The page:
Foreword Reviews

Early Men


Clarion Rating: 4 out of 5

Accessible, funny, and insightful, Haraway’s Early Men earns its place in a new wave of appreciation for literary short story collections.

Britt Haraway’s literary short story collection, Early Men, provides eleven different perspectives on the lives of young Americans as they stumble onto life’s vagaries.

In “Bad Joke Bob,” the protagonist returns home to Knoxville. There, he finds that old companions have gone to booze and sports, love and marriage. “Knoxville Dead” is another Tennessee tale, a puzzling mash-up of foreign language instructor Hedwig’s confrontation with the ethos of America’s true South after she meets Colin, a troubled young man she takes as a lover.

Here, as elsewhere, there’s the New South to be explored, with an attempted dissection of racial tensions, especially as characters approach the issue from an oblique direction. A white young man’s family and his relationships with each member go under the microscope as he and his African American girlfriend consider introducing themselves as a couple. The young man is tentative, but there’ll be no “half-talk” from Amina, whose proud family doesn’t want her “taking in strays.”

Lead characters are most often youthful. Many are at the crossroads where coveted maturity can be found. Almost all of the stories are dominated by a man’s perspective. There are keen observations on coming out as gay that come from a subtle, though sweetly realistic, point of view.

An appreciation of feminism is also evident, as when a woman wears “a kind of low-burning grin” in the title story after she “cleared the clutter from her life” and embraced her sexuality. A character’s charcoal drawings from an archaeological dig reveal more than the reality of prehistoric life: first they evolve toward a modern ideal, and from there to images redolent of women’s power.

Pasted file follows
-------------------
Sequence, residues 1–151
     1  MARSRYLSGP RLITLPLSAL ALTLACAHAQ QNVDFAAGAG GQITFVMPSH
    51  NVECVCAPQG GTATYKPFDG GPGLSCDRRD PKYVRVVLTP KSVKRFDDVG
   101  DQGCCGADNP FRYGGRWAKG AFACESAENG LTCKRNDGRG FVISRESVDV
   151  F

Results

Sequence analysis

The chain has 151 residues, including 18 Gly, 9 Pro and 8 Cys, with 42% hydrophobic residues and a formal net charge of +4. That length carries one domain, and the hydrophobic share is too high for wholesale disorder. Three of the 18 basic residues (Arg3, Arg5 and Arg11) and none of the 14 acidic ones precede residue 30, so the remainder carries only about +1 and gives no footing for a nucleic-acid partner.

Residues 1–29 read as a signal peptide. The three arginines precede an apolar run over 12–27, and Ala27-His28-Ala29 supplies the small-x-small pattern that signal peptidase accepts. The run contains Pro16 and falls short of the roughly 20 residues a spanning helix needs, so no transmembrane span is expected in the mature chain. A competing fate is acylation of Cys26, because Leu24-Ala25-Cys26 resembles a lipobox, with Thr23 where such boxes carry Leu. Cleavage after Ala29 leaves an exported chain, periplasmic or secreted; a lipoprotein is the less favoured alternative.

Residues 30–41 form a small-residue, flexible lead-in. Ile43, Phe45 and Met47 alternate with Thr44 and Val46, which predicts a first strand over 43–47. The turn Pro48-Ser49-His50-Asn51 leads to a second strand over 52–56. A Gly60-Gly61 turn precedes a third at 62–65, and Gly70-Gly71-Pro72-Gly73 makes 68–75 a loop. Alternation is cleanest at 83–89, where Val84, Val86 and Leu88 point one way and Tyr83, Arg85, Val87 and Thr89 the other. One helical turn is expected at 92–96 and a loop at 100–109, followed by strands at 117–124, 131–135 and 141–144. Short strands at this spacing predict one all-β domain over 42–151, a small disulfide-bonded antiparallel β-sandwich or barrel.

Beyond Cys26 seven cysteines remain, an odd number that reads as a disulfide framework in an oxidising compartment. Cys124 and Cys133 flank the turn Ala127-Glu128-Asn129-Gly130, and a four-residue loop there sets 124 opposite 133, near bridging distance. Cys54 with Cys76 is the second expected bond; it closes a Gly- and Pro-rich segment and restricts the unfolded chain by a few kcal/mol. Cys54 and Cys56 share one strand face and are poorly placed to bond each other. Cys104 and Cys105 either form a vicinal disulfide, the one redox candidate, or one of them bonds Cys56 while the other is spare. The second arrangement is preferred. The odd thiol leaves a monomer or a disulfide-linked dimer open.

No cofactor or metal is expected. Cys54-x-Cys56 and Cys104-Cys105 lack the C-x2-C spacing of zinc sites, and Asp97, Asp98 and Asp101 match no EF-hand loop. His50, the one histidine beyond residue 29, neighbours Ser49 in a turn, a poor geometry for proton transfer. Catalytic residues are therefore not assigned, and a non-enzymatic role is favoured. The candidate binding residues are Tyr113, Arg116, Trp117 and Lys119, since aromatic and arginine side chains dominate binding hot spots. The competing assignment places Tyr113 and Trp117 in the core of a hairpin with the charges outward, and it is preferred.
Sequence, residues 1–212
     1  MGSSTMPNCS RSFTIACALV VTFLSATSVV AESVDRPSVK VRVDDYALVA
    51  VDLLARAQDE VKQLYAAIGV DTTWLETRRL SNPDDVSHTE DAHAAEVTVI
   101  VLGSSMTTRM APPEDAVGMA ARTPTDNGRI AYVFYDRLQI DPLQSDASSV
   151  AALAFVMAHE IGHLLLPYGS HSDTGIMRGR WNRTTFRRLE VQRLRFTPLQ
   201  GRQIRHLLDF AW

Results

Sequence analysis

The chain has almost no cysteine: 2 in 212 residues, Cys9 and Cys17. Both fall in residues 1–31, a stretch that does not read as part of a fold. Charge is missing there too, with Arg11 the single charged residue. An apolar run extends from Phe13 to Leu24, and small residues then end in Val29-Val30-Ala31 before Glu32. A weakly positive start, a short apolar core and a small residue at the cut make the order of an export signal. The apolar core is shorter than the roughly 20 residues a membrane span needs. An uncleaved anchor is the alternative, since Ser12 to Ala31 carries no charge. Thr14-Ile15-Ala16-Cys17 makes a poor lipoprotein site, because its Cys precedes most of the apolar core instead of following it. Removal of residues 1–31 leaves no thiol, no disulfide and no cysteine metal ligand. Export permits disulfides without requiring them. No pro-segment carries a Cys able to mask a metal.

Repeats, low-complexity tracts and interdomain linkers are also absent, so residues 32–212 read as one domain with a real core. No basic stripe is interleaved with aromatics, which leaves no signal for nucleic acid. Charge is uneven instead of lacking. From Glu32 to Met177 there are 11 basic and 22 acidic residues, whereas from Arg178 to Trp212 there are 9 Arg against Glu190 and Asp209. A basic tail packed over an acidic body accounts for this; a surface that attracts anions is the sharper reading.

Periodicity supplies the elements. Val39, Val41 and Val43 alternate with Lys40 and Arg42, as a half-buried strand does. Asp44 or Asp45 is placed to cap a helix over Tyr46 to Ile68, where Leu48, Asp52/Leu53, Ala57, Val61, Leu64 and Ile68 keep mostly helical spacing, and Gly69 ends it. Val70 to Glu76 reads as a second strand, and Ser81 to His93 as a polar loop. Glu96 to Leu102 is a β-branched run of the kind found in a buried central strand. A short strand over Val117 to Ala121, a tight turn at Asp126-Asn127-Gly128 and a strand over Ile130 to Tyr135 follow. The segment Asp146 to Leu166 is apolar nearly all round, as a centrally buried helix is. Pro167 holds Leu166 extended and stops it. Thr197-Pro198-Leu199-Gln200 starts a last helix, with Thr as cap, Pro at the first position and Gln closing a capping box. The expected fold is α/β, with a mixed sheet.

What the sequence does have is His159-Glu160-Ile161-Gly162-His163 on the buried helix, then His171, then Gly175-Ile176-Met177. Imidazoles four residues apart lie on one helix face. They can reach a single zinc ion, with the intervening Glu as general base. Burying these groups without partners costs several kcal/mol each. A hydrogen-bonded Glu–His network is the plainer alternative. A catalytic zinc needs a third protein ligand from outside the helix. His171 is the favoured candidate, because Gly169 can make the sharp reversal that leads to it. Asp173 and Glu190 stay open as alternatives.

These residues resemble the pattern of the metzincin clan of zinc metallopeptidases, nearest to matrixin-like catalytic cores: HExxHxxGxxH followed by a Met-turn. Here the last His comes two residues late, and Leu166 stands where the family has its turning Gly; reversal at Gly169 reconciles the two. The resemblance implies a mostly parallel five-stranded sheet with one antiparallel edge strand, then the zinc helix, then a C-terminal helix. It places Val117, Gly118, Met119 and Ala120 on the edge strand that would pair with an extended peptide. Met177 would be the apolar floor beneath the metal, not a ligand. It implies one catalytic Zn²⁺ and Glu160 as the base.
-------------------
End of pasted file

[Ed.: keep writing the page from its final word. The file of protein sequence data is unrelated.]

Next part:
While they are distinctive and worth engaging, characters sometimes trend toward “plug and play,” functioning as archetypes drawn from the line at a trendy coffee shop. However, if these characters could be called cliché, there is truth to be found in the familiar.

There’s much of the real world at each story’s core, and truths are mined at a pace that is both casual and perfect for the collection’s mood. As an example, the banal end-of-life fadeaway within the sterile halls of a retirement home turns frivolous rather than existentialist within “The Doughnut Rebellion.” This turn, like most, is one built on layers. Every character is complex enough to carry the narrative, every action logical in its intent.

Each tale drifts toward a postmodern conclusion, the sort of real-life, meandering, open-ended resolution of a story shared around a table littered with chips, pretzels, and empty bottles, these everyday circumstances reminding us lives are in constant flux.

With the collection’s promise hinted at in its spare cover illustration—four Leakey-like figures strolling across a line of galaxies—Haraway, an assistant professor at the University of Texas Rio Grande Valley, succeeds in offering imaginative and honest deconstruction of issues like youth, feminism, and race.

Accessible, funny, and insightful, Haraway’s Early Men earns its place in a new wave of appreciation for literary short story collections.

Reviewed by Gary Presley

Disclosure: This article is not an endorsement, but a review. The publisher of this book provided free copies of the book and paid a small fee to have their book reviewed by a professional reviewer. Foreword Reviews and Clarion Reviews make no guarantee that the publisher will receive a positive review. Foreword Magazine, Inc. is disclosing this in accordance with the Federal Trade Commission’s 16 CFR, Part 255.

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